Thou shalt kill.

A world with no hunger, no disease, no war, no misery. Humanity has conquered all those things, and has even conquered death. Now scythes are the only ones who can end life—and they are commanded to do so, in order to keep the size of the population under control.

Citra and Rowan are chosen to apprentice to a scythe—a role that neither wants. These teens must master the “art” of taking life, knowing that the consequence of failure could mean losing their own.

First off, the concept of this is obviously amazing. A world where no one can die naturally and have to be killed off (gleaned) by people specially chosen for the job, who can’t actually want to be Scythes because otherwise the world would be run by psychopaths. I really loved the world building as well, it was so intricate, you have the Scythes and their whole political system, all the different methods of gleaning, the whole AI system which is kind of like The Cloud, everything about it was really well thought out and interesting. The only thing I could slightly complain about with the world building is that it doesn’t really deal with natural disasters, like okay this is a perfect world, but how do you eliminate flooding, earthquakes, hurricanes etc. Shusterman kind of touches on this with fire, but I wish he’d expanded a little on how the other natural methods of dying were dealt with.

I also love that Shusterman’s novels always deal with some kind of big philosophical question but are never heavy handed about it. This one is obviously dealing with the moralities of death and killing but also the consequences of what would happen if we lived forever, would humanity just become useless because we don’t have the fear of a natural death forcing us to strive and achieve? It’s all very interesting, and Shusterman explores all the possible facets of his perfect world. I did feel like the morality conflicts could have been slightly better in this book, whereas in Unwind, everyone is pretty morally grey, in this book the distinction between the heroes and the villians were pretty stark.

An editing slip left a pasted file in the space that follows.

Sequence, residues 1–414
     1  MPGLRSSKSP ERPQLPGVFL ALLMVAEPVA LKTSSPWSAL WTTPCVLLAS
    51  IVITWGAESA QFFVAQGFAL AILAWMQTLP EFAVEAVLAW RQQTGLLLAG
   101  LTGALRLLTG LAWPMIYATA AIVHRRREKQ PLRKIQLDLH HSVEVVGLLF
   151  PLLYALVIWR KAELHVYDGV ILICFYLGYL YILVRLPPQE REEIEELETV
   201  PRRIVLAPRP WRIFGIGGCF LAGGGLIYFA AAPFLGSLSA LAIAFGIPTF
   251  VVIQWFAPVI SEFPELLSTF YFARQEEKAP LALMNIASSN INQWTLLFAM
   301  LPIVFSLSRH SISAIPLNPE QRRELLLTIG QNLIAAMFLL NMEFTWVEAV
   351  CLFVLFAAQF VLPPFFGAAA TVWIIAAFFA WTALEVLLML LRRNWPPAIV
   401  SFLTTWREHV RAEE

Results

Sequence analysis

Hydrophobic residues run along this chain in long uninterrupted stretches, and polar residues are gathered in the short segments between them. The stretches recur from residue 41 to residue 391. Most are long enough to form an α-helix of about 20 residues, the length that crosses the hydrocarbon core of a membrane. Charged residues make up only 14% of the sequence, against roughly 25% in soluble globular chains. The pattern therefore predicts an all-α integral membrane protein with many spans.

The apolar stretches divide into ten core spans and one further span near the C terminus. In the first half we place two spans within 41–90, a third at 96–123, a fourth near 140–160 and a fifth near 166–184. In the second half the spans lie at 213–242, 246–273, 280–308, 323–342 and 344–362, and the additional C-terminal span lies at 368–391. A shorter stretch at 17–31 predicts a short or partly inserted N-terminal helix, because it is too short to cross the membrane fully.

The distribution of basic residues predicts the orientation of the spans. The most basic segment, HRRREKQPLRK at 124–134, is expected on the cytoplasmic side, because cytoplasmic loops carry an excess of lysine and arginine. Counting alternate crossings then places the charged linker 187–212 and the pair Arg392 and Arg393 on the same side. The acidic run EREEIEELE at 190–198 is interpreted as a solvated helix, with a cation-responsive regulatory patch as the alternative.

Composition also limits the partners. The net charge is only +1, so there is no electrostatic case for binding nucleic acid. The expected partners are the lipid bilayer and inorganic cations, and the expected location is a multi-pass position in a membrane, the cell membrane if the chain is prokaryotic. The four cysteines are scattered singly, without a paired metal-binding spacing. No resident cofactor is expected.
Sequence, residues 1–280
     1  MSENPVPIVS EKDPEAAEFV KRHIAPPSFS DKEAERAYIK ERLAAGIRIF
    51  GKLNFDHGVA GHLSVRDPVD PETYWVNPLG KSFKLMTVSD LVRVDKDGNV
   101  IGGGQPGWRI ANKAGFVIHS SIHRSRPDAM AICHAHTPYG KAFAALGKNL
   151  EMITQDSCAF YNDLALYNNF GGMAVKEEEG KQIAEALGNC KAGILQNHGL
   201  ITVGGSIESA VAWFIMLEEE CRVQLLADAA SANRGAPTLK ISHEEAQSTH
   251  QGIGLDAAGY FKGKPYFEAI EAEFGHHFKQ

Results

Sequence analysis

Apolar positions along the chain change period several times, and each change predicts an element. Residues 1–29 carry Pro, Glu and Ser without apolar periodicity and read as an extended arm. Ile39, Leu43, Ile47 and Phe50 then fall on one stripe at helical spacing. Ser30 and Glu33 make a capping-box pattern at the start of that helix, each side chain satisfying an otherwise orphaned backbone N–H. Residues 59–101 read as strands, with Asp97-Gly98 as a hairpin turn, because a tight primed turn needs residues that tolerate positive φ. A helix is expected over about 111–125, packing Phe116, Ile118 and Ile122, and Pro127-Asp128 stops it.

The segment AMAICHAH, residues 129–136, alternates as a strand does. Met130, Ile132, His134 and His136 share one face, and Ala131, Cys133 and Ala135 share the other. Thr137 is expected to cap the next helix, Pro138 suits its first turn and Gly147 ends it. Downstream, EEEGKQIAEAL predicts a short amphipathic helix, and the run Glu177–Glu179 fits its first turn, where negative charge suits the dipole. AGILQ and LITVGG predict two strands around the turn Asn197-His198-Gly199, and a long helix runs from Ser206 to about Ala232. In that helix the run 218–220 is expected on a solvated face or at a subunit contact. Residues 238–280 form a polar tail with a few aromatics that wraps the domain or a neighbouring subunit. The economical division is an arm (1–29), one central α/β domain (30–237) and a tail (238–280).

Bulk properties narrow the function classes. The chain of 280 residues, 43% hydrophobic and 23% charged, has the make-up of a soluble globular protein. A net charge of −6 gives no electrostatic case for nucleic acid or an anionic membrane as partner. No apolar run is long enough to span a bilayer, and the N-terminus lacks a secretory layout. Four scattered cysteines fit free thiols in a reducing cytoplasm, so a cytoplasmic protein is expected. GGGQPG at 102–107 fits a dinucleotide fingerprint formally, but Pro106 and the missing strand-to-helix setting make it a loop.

The pacing was a little off throughout the book, it’s only really after about chapter 17 that I really started to get into the story and the stakes started to feel a little higher, for most of the first couple of parts of the book it kind of felt like it was just gliding along, not really going anywhere. The chapter lengths were for the most part good, although there were some that were overly lengthy, particular in the parts of the book that dealt with the conclaves (Scythe meetings). I also felt like it took a bit longer than it should have to get to the whole winner of the Scythedom has to glean the loser thing, given that it’s told to you in the blurb of the book!

I loved the named chapters! It’s such a small thing but it really makes a difference for me, I love it when authors take the time to give the chapters names, it’s just a little extra detail that helps me get even more into a book.

It was kind of weird for me that the acknowledgements were at the front of the book, I mean it doesn’t really make much difference, it’s just that most YA books have the acknowledgements at the back so it was slightly jarring having them first.

The scythe journal entries between each chapter were awesome, they just added that little something extra to the book which I liked.

It took me a while to warm up to the main characters Citra and Rowan, I felt like you didn’t really get to know them much when they were together and it was only when they were apart that you got to see their true personalities shine through. I also felt like the whole one of them having to kill the other made less and less sense as the book went on, with every twist, it started to seem more like a formality than something actually to be feared. I initially liked Citra more, she was bold and inquistive and was always asking “Why?” something had to be done, but I actually found Rowan the more interesting of the two by the end, because he actually had to struggle morally, between whether gleaning was right or wrong and if it should be enjoyed, due to who his Scythe mentor ended up being, so his story actually became more interesting to me than Citra’s. Citra kind of gets off easy, as she gets a Scythe mentor whose views very much match hers, so she doesn’t have to struggle as much morally as Rowan does. I hope that they both get developed more as characters in the next book, because that did feel like it was lacking here.